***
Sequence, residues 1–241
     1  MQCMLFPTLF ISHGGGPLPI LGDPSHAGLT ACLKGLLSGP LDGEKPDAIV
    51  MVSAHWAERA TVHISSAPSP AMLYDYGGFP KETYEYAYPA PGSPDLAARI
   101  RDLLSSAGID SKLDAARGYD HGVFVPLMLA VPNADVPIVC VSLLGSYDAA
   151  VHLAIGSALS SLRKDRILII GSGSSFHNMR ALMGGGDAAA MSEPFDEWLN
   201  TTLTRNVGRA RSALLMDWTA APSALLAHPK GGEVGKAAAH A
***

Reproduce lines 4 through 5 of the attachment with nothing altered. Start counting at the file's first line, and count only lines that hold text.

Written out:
   101  RDLLSSAGID SKLDAARGYD HGVFVPLMLA VPNADVPIVC VSLLGSYDAA
   151  VHLAIGSALS SLRKDRILII GSGSSFHNMR ALMGGGDAAA MSEPFDEWLN